We’ve been making noise for a while now about how slowly stimulus-funded weatherization has gotten underway in parts of the country where confusion and caution have delayed its implementation.
The sluggish starts may be frustrating, but they also are predictable given the increased scale of the Weatherization Assistance Program and the thousands of moving parts in its bureaucratic machinery. What’s more, the measure of WAP’s success or failure probably won’t be pegged to the efficiency of its rollout. Final results – the number of jobs the expanded program creates and the quality of the weatherization – will matter much more.
This week, a New York Times update on the Department of Energy’s response to weatherization-work audits in Illinois – detailed in a December 3 Department of Energy report – brought the work-quality issue, and the procedures meant to ensure high-quality work, into focus.
Spread too thin
With the DOE’s approval and $242 million in stimulus funds, the Illinois Home Weatherization Assistance Program aims to weatherize about 29,300 homes of people with low incomes. WAP rules require that each state, through local agencies that administer the program for their communities, inspect 5% of weatherized homes. As the Times story notes, state officials in Illinois said they had inspected 5% of the homes where work was done, but not 5% of the homes weatherized by each of the 35 local agencies handling weatherization work. Work by seven agencies hadn’t been inspected at all, while work by three others hadn’t been inspected in enough volume to meet the 5% minimum.
A state hiring freeze delayed a plan to hire more people to help administer the inspection program. In addition, federal inspectors had not made required site visits, prompting the DOE’s inspector general to step in and send a team out to examine work in five homes.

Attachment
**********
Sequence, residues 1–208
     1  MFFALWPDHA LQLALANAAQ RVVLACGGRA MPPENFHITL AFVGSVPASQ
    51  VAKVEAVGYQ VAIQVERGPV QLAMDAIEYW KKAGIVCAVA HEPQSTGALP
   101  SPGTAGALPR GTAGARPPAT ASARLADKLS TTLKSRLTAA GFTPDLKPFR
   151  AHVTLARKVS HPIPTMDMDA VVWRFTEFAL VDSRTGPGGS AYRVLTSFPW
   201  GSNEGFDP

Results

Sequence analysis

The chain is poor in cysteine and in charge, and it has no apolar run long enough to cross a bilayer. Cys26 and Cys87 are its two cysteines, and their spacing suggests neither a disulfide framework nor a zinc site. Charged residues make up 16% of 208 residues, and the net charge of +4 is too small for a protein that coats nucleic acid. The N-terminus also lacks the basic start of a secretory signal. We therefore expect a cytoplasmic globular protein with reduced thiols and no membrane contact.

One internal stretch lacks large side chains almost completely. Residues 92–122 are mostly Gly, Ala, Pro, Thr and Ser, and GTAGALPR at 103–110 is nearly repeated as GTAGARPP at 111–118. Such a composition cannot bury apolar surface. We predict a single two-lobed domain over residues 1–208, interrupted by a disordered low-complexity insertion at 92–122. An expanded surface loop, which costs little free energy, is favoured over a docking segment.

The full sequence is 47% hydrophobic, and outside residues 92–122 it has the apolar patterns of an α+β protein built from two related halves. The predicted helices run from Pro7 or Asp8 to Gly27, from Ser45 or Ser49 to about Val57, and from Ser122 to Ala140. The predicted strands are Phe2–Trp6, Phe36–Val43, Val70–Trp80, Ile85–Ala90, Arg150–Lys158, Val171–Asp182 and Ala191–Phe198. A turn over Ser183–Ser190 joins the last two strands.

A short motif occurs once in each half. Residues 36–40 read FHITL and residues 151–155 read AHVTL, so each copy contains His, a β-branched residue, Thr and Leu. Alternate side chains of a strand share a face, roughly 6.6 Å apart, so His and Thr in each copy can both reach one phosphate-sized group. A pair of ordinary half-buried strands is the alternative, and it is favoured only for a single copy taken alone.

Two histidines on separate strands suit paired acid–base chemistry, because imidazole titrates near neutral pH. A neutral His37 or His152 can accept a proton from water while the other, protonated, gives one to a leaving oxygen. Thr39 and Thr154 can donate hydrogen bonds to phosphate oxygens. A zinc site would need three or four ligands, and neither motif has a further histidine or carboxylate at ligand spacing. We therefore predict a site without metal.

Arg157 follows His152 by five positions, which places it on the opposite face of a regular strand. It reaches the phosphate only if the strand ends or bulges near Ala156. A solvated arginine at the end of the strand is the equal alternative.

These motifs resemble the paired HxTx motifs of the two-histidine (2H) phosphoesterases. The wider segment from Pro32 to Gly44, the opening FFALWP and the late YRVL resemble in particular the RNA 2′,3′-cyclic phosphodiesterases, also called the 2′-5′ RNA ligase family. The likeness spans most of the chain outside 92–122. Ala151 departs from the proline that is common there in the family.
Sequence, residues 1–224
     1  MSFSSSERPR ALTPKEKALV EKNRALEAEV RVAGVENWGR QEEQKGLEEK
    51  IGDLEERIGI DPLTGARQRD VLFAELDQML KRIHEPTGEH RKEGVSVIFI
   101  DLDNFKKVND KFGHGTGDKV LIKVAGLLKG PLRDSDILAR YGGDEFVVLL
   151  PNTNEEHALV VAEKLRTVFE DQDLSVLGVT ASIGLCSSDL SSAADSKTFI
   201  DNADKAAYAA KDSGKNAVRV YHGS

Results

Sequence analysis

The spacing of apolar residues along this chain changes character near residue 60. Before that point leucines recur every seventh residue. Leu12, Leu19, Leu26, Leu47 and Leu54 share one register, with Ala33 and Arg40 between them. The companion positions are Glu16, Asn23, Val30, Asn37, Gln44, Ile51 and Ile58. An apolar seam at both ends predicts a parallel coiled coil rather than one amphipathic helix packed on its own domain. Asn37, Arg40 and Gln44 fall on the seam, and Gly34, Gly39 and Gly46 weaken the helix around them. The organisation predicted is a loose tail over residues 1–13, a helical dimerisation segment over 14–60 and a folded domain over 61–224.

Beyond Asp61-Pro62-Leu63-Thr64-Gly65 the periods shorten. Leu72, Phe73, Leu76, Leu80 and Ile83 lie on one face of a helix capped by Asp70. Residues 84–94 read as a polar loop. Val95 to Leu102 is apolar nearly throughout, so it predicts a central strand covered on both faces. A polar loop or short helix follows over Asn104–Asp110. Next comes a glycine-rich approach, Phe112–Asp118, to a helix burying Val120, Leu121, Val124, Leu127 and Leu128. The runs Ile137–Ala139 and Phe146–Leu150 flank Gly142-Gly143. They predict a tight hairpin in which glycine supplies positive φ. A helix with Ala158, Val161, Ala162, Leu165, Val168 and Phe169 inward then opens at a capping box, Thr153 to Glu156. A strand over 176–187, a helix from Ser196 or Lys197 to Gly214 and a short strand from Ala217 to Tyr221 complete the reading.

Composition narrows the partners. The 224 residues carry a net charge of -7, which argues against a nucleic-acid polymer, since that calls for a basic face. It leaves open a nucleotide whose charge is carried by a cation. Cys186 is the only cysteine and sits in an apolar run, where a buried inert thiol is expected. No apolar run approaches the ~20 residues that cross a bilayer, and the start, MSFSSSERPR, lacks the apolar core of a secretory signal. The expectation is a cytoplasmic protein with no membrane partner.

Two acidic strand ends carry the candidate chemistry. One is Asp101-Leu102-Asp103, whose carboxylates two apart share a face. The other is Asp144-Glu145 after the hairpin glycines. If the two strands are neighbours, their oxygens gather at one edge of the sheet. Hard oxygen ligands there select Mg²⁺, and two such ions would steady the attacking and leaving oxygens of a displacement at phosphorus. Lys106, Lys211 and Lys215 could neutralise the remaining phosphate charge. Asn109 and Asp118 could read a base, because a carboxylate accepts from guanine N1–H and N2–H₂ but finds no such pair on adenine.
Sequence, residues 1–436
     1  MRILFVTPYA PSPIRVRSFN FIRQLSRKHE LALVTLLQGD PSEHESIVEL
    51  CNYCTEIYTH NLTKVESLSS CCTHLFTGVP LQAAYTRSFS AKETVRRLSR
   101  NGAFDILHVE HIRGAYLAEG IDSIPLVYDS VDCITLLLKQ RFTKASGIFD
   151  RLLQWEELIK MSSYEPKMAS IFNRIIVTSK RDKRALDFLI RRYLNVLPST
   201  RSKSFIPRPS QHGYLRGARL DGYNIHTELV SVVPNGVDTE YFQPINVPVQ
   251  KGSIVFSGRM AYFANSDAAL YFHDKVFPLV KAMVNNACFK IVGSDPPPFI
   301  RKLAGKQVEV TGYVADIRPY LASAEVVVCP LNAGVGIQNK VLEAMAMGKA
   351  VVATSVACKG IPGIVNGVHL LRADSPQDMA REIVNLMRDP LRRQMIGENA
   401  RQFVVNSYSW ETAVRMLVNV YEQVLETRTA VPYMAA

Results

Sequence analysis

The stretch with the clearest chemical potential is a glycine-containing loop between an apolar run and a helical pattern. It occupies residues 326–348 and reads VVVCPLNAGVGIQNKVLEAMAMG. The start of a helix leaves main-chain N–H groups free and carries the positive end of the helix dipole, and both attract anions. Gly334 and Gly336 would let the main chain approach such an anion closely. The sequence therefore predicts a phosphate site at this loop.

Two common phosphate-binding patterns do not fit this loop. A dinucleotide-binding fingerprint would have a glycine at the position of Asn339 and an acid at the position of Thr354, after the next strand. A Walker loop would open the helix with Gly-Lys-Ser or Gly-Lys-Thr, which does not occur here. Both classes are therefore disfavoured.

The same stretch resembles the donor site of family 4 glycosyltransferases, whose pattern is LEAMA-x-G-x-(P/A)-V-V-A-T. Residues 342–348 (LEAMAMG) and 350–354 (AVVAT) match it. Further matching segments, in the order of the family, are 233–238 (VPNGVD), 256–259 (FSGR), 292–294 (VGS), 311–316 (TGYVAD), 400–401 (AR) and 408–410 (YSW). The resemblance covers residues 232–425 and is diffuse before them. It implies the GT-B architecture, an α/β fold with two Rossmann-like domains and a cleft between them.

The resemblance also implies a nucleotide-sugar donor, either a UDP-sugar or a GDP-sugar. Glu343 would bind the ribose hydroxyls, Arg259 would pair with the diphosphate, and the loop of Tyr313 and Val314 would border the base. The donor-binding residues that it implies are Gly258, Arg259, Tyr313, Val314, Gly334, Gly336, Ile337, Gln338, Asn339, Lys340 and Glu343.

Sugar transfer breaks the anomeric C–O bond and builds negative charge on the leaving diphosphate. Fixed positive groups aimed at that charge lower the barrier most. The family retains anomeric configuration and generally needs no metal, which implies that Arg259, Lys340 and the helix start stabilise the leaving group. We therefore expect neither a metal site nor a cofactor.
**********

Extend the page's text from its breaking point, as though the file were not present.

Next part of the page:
From the DOE report: “We identified significant internal control deficiencies in the management of the Weatherization Program in Illinois which require immediate attention. Specifically, our audit testing revealed significant problems with onsite monitoring and inspection of the Illinois Home Weatherization Assistance Program (Illinois). We noted that the Department had not fulfilled its requirement to perform monitoring visits at the State level. In addition, Illinois officials had not complied with the Department’s requirements for inspecting weatherization work conducted by local agencies.
“Finally, we found that a weatherization inspection for one of the local agencies failed to detect substandard installation of energy saving materials. This case involved a furnace gas leak that could have resulted in serious injury to the occupants and material damage to the structure. This is an interim report and our audit work remains in progress.”
Getting a grip sooner rather than later
The report also points out that Illinois is just now developing an automated system for aggregating inspection data and tracking the performance of contractors.
The inspection lapses are troubling not only because safety problems went undetected but because the DOE inspection – which quickly resulted in a DOE “management alert,” underscoring the seriousness of the situation to the agencies involved – hints at systemic problems in the state’s program that touch on everything from worker training to contractor competence to staffing levels.
A potential positive in all of this is that the problems became apparent in the early going rather than in, say, late 2010, when Illinois will have moved much farther down the path to completing work in 29,300 homes, which will require about 1,465 inspections. Most important of all, though, is that the alarms set off by the DOE are heard loud and clear not only by officials in Illinois but by every agency in the nation doing WAP work.
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